The Ntuli family are fans of the show and had played it previously in the comfort of their own home in New Germany. ‘This fun family activity grew on us and we enjoyed its ability to bring out our different personalities. We wished we could be on the show, win the game and take the money home. When the opportunity actually presented itself, we jumped at it,’ said Kuhlekonke.

‘If the world wants to know about South Africa, they need to know that we, the youth, are leading, influencing and shaping the world we want to see. We believe that the more frequently young Black girls see themselves on TV, the sooner they will realise that there are no barriers to the global stage be it in academia, entertainment or developmental practice,’ said Kuhlekonke.

Words: Melissa Mungroo

Photograph: Supplied

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Stellar Academic Career Celebrated During Inaugural Lecture

Stellar Academic Career Celebrated During Inaugural Lecture
Professor Vincent Nyamori.

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Dr Vincent Nyamori joined UKZN’s Westville campus Chemistry staff as a young lecturer in 2008, fresh from a two-year term as a postdoctoral research Fellow at the University of the Witwatersrand.

Fast forward to 2021, and Nyamori has now been inaugurated as a full professor at UKZN and delivered his inaugural lecture!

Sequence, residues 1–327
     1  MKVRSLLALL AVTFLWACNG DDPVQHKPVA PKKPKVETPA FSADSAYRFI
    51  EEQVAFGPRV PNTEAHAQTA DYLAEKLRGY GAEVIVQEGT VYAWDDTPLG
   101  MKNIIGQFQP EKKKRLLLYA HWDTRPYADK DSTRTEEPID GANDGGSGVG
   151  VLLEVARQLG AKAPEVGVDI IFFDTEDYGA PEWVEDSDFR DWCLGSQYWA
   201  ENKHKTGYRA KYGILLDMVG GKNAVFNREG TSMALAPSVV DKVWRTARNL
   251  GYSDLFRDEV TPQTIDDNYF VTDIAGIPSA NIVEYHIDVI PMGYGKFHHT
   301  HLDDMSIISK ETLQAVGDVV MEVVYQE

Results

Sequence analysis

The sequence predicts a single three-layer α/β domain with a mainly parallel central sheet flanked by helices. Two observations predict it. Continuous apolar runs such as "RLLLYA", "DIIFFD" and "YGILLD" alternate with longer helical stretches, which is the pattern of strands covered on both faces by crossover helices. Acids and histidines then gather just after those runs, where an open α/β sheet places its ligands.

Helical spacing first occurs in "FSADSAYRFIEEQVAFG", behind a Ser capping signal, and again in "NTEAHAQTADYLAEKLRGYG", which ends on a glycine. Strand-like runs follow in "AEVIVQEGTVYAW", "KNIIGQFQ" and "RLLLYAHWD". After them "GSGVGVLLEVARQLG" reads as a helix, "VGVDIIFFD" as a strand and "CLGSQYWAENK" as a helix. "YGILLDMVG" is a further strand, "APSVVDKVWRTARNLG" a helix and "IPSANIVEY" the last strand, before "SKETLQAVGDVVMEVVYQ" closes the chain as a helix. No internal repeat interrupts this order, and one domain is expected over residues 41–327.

Nyamori hails from Kenya where he graduated with a BSc degree in Physical Sciences from Egerton University in 1996 before moving to the University of Port Elizabeth to pursue a BSc Honours degree in Chemistry (1999), followed by an MSc (2001) and PhD in Chemistry (2006), awarded by the Nelson Mandela Metropolitan University.

Since joining UKZN as a lecturer, he has risen rapidly through the ranks. ‘Vincent has contributed enormously to the running of the School and Institution,’ said Dean and Head of the School of Chemistry and Physics, Professor Ross Robinson.

‘He has been an active member of many committees within UKZN. Among other responsibilities, he took on the role of Academic Leader of Analytical and Physical Chemistry in 2012 and has co-ordinated the UKZN Nanotechnology Platform since 2014.’